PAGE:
Tire Pressure Monitoring Systems


Tire pressure is one of those things that we can’t ignore. Not only is it illegal in most countries to drive with tires that are under pressure.

But it’s also incredibly dangerous. If our tire pressure continues to fall unchecked, then we’re putting ourselves at risk needlessly.

Our traction may not be as predictable as it once. Which can lead to a loss of control when driving. Also, our tires then become more vulnerable to punctures and potential blowouts.

Before Tire Pressure Monitoring Systems technology. It was the driver’s responsibility to manually assess their tire pressure. And to take the necessary steps to make sure it was set correctly. This usually involved tools and knowledge that not everybody had or understood. So having these systems built into our modern cars is a real benefit. It’s also something that should never be taken for granted.

What Is A Tire Pressure Monitoring System?

Tire Pressure Monitoring System is a system that’s built into most modern cars (and other vehicles) that automatically monitors the tire pressure and airflow.

The technology is always working in the background. And will alert the driver if and when action is requiring. For example, should there be an error, should one tire be out of sync with the rest, or if a tire reaches dangerous levels of low pressure?

Every Car Have Diffrerent TPMS

Every car is different. But they generally do this by certain icons highlighting on the driver’s dashboard. These can be accompanied by beeps and pings, alerting the driver to a potential fault when they start the car. Many Tire Pressure Monitoring Systems systems use an early warning feature, alerting the driver to this issue before it reaches dangerous levels

This allows the driver enough time to resolve the issue and complete any journeys. When they need to before the concern becomes too pressing. The dashboard icons vary, but there are some universal low tire pressure signals that usually appear in most car designs. The first most popular sign is an exclamation mark surrounding by a circular shape to indicate a tire or a wheel.

The second common icon is the basic outline of a car. From a top-down view, with one (or more) of the tires highlighted. For example, if the pressure is low on the car’s right-front tire then this will be reflected by the icon.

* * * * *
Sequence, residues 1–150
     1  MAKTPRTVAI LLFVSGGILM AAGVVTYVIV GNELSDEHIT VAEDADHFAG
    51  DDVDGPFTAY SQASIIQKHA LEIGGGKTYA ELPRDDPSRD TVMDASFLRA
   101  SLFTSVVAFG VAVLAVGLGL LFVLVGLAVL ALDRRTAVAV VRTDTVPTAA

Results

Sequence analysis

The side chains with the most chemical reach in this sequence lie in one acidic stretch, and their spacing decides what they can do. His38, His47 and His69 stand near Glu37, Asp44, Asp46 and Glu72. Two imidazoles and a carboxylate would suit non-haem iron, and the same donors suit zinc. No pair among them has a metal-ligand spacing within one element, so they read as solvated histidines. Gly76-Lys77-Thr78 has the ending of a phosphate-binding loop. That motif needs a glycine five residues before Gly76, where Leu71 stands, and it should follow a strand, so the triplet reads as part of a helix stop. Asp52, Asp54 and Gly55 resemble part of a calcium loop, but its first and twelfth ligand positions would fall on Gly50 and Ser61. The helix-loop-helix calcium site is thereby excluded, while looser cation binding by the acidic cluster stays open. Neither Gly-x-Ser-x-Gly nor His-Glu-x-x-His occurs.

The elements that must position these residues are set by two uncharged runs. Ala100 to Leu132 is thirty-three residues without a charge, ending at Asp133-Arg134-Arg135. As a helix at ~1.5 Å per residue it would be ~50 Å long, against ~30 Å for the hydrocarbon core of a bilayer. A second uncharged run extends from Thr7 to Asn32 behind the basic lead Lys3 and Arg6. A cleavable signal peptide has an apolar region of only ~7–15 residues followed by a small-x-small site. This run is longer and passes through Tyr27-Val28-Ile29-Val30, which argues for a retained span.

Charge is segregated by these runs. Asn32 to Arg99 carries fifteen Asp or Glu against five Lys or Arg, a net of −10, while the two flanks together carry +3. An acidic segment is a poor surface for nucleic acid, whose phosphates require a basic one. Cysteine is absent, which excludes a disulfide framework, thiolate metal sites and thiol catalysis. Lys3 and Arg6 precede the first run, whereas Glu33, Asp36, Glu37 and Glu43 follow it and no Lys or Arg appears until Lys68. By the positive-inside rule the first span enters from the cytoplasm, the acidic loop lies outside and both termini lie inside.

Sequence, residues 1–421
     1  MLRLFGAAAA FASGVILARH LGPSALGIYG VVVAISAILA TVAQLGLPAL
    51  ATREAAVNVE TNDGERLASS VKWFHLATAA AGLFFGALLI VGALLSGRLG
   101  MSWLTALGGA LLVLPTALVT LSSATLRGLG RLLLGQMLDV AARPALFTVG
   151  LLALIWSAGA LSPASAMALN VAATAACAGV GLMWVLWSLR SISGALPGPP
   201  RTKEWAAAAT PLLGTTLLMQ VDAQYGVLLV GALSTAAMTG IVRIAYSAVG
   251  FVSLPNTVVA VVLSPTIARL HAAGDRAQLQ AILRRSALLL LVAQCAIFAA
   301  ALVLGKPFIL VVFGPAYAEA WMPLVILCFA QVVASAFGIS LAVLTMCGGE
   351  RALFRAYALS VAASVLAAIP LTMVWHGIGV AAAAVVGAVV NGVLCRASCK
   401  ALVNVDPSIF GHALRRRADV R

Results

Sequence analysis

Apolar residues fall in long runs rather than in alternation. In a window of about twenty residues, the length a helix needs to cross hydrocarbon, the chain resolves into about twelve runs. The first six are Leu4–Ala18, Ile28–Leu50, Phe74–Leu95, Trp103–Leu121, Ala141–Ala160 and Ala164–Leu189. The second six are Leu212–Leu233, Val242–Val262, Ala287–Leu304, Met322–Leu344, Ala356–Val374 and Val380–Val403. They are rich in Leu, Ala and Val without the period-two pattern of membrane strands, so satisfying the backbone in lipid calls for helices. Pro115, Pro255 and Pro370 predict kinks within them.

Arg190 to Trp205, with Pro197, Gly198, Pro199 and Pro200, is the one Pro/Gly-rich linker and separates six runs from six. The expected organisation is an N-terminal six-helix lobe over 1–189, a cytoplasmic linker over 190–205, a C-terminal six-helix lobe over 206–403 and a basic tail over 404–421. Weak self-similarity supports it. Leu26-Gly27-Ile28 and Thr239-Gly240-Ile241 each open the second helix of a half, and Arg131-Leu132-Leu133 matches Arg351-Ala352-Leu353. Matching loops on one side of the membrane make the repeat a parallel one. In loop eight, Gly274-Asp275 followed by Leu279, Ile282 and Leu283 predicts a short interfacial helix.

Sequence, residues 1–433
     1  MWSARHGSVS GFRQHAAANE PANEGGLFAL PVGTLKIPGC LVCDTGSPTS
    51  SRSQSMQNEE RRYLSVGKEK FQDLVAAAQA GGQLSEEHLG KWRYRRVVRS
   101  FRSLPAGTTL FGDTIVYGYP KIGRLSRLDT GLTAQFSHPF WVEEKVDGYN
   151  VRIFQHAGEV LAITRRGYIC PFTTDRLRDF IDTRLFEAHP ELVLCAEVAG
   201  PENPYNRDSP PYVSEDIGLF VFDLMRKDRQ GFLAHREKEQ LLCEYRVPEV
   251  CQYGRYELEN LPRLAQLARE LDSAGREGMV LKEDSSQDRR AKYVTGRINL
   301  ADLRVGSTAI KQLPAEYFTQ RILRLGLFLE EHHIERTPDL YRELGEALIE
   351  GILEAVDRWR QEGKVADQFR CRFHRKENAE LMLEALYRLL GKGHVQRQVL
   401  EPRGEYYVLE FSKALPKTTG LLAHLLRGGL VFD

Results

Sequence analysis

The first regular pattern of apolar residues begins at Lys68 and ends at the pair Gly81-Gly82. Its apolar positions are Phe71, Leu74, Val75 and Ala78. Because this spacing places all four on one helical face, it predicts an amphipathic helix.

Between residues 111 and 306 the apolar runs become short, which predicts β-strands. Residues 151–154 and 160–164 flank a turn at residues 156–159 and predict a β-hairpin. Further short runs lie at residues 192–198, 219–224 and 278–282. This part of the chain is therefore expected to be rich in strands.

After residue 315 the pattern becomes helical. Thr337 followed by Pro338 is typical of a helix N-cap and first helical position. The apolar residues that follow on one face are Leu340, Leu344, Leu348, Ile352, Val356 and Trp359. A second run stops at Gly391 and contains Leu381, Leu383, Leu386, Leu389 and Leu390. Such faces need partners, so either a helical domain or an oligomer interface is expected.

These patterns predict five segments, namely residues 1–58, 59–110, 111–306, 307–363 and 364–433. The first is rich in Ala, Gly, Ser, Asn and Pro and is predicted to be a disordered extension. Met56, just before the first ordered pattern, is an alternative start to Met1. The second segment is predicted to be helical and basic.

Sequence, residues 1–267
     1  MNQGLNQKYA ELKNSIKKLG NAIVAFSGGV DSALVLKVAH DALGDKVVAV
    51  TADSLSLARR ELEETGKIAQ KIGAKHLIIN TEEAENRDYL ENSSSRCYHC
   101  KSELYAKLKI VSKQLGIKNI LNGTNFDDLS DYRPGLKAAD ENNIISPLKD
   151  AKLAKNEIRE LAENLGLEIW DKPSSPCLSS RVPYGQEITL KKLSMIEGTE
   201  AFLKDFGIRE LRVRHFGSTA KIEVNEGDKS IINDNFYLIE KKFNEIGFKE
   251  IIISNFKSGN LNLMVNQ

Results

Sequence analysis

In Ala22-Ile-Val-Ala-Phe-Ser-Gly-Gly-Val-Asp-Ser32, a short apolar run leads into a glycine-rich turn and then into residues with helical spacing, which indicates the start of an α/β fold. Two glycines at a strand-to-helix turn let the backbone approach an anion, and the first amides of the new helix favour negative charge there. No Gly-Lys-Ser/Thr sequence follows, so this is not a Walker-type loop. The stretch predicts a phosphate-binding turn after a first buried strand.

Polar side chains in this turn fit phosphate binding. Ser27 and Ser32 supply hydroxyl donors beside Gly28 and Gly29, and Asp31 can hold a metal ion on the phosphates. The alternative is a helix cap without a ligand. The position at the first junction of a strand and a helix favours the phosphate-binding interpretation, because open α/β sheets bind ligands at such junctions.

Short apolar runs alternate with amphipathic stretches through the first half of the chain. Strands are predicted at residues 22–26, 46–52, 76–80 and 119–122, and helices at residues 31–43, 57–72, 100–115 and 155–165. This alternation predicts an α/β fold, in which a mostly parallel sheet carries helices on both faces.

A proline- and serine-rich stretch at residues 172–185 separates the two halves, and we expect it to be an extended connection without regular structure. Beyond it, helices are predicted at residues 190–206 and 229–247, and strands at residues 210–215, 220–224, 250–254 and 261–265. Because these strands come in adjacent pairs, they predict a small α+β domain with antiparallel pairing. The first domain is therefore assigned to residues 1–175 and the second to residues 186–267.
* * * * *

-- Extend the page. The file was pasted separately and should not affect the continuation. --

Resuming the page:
How does Tire Pressure Monitoring Systems work?

Different car manufacturers have different designs and visions about how Tire Pressure Monitoring Systems should work. But there are two main types of TPMS that are generally installing in most vehicles.

The First form of Tire Pressure Monitoring Systems

The first is Direct Tire Pressure Monitoring Systems. Which employs a sensor that is attaching to each wheel that continuously measures air pressure in the tire it’s connecting to. The sensor feeds the data back to a more centralized computer system. Which is typically attached to the car’s overall system, working in conjunction with it. Although recent designs have the software already in-built, making the car’s hardware and the TPMS part of the same overall design. Some car manufacturers outsource their TPMS design while others incorporate it as part of their own engineering methods. If the direct TPMS sensor detects that the tire pressure has dropped to below a 25% below the legal limit, then it will alert the driver with a notification. This is usually enough time for the drive to conclude their journey and resolve the issue at their leisure.

The second form of Tire Pressure Monitoring Systems

The second form of Tire Pressure Monitoring Systems is known as Indirect TPMS. This works a little differently. Rather than a sensor being attaching to each wheel, indirect TPMS uses built-in software that monitors wheel speed. It does this by interpreting data from the vehicle’s ABS (Antilock Braking System) sensors instead of its own. If the software detects an anomaly in the wheel speed, especially if one is spinning at a different speed to the others, then the notifications will be triggered. This alerts the driver and allows them to investigate the cause of the notification and verify if this indeed reduces tire pressure or another problem.

Both forms of Tire Pressure Monitoring Systems are considering effective and helpful ways to detect if a tire’s pressure has fallen lower than it should be.

Direct TPMS is considering superior by some motoring experts. Simply because that uses a dedicated system to detect individual tire pressure problems. Indirect Tire Pressure Monitoring Systems, while effective is only able to highlight a drop in tire speed instead of fully diagnosing reduced tire pressure.

Frequently Asked Questions

Can TPMS sensors report their battery status?

 it depends solely on the model of TPMS in use. There are certain models capable of sending signals in order to indicate battery status. But it only sends the signal after the battery depletes to a certain level.

Can the TPMS sensors fit on all wheels?

Most tires are able to fit a tire pressure monitoring system sensor. Some tires are not compatible with the TPMS sensor. The way they are placed in the tire’s valves stems holes would cause the motion detection component to malfunction.

Is it possible to turn off TPMS?

No, it is not possible to turn off the TPMS of a vehicle, as it is mandated by a law passed by Congress called the ‘tread’ law.

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